Evidence of solid journalism for readers
Despite the obstacles we have faced with the challenges of running a small newspaper, there has been a bit of sunshine at the end of the storm for us. This past weekend our newspaper was recognized with a pair of national journalism awards.
One of the hurdles we have faced over the past couple years was a botched bookkeeping system switchover that resulted in the installer dying mid-way through the installation, creating a bookkeeping nightmare for us. Legal action commenced with the situation and still is not resolved. That event, along with some other things, caused great heartache and strain for our newspaper.
But though the trials and tribulations, we have remained strong in providing solid journalism for our readers. That’s why this year’s national awards come with even greater pride and joy for us. Outside forces tried to pull us down, but we didn’t allow them to snuff out our appetite for journalistic excellence.
The DCI captured two national awards for best photo essay and best breaking news coverage.
In February 2017, I had the privilege of covering a tribute to honor fallen Hayfield police chief Doug Claassen. While I never knew Claassen, I have been honored to get to know some of his family members. One of them is Kathy Claassen, Doug’s widow. She endured years of taking care of a husband with a life altering spinal cord injury. I recently ran into some family members who told me since the tribute was published in a Land of Dodge feature, Kathy has forever treasured the piece from our newspaper. She was even more thrilled to find out it had won a national award.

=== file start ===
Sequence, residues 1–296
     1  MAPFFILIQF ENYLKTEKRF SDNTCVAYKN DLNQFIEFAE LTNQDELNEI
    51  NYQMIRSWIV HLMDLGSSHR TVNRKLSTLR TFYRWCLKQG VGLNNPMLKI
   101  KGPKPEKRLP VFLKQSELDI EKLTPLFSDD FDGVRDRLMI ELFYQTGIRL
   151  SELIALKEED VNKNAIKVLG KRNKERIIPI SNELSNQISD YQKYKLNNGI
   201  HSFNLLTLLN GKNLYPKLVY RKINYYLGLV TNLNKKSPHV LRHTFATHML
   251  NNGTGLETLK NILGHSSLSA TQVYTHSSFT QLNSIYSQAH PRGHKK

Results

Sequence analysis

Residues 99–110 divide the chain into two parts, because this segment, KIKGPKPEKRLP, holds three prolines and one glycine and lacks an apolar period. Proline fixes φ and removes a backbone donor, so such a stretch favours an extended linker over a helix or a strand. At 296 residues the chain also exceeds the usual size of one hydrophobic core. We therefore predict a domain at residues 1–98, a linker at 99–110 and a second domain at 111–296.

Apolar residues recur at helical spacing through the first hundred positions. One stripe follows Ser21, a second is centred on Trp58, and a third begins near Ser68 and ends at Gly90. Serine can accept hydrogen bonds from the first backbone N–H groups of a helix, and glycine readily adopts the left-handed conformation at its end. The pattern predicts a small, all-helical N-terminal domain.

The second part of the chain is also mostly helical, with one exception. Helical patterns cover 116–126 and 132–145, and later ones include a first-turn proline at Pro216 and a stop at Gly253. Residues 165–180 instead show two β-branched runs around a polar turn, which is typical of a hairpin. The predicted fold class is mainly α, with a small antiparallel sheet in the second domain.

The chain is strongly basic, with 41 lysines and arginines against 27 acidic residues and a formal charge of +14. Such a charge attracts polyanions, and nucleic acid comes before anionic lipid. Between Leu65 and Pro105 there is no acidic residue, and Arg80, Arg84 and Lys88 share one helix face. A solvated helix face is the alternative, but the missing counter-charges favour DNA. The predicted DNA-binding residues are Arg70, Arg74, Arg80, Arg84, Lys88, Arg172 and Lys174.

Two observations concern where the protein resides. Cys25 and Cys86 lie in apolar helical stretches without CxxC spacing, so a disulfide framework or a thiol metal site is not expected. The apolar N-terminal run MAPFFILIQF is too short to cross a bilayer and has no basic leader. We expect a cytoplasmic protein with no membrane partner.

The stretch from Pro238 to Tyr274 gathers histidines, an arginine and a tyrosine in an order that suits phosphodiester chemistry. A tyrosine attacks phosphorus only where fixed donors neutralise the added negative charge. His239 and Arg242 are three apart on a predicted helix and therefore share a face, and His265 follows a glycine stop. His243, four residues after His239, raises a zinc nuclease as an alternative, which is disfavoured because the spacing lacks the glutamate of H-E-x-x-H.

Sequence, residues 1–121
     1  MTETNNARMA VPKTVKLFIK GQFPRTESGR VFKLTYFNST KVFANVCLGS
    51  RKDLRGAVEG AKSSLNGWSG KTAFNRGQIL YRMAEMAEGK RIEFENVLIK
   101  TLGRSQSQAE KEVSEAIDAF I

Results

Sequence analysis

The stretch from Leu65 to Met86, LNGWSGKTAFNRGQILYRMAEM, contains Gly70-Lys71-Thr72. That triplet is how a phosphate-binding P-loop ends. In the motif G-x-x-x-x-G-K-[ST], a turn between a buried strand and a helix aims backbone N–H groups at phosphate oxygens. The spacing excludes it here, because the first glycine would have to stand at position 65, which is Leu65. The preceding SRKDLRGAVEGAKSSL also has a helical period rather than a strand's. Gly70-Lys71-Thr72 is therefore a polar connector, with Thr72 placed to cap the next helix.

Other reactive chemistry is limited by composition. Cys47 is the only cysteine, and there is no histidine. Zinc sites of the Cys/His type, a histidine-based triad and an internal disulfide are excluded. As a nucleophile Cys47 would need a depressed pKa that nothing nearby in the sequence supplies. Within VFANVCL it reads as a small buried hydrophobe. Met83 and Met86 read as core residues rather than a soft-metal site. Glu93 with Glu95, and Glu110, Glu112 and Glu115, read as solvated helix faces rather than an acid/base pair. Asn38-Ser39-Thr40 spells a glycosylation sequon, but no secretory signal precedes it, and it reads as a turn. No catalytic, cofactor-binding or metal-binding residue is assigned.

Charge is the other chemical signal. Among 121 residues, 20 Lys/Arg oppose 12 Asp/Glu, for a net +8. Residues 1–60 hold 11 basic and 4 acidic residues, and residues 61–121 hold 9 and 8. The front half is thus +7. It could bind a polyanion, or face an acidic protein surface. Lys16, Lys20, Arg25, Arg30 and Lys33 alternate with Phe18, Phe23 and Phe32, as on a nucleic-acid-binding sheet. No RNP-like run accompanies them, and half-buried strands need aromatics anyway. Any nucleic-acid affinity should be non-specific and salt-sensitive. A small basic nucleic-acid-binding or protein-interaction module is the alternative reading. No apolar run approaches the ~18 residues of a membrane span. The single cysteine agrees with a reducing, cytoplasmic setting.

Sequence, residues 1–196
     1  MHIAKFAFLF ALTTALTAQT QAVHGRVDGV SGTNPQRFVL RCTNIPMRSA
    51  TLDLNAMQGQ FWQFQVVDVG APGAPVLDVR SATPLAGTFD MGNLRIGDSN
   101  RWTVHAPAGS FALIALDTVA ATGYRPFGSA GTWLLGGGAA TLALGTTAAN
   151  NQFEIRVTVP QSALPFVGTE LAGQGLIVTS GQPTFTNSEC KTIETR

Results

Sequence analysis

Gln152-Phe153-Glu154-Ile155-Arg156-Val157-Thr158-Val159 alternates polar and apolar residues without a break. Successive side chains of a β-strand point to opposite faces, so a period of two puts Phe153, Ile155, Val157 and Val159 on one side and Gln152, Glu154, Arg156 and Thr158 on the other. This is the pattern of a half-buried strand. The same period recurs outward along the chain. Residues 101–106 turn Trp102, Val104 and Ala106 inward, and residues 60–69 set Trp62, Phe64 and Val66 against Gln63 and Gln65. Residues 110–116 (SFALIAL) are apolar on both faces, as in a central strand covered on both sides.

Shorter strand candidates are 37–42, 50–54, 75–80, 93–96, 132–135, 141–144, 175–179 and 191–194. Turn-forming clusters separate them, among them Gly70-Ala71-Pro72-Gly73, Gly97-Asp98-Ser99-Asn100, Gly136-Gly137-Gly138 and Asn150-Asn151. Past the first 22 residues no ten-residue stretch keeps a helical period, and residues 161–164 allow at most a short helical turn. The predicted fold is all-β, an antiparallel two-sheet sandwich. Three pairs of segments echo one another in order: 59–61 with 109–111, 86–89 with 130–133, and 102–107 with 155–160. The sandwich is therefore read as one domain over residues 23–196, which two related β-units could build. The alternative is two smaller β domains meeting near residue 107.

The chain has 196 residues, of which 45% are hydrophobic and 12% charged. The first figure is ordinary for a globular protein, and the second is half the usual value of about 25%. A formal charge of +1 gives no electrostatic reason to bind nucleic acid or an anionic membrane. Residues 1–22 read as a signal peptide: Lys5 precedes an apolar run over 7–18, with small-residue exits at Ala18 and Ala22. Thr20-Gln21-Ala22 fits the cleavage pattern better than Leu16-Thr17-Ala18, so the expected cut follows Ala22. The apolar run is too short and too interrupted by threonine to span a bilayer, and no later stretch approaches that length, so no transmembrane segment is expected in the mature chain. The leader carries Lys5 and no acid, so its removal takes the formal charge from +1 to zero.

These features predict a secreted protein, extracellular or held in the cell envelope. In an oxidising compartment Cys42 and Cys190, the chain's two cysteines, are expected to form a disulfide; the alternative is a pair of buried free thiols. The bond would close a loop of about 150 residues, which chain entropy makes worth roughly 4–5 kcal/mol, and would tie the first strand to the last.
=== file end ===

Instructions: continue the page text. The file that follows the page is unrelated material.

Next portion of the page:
Another first place award was given out to our sister publication, the Steele County Times of Blooming Prairie. Though it was given to the Times, it could just as well have the DCI’s name on it because the special section featured as part of the award was also published in the DCI. The section published in August 2017 featured multiple stories about DWI victims, offenders, law enforcement personnel committed to DWI enforcement and other efforts to curb the age-old dilemma of motorists jumping behind the wheel after having one too many. This section culminated a year-long project in which we tackled the DWI problem.
Awards are certainly only a small measure of success, but they are certainly gratifying to receive from your peers in the business. Active community newspaper editors and publishers, as well as retired university journalism professors and retired or former newspaper professionals judge the contest each year.
From the time I took over the paper three years ago, I made the commitment that I would produce a quality newspaper that’s journalistically sound. During those years, we have achieved awards either on the state or national levels in nearly every possible major category. I hope readers take pride in the product we are producing each and every week. We may not always get everything right, but we are committed to doing the best possible job.
Awards or no awards, we remain committed to our readers. We will never lose the zest and zeal to go in hot pursuit of fulfilling that commitment.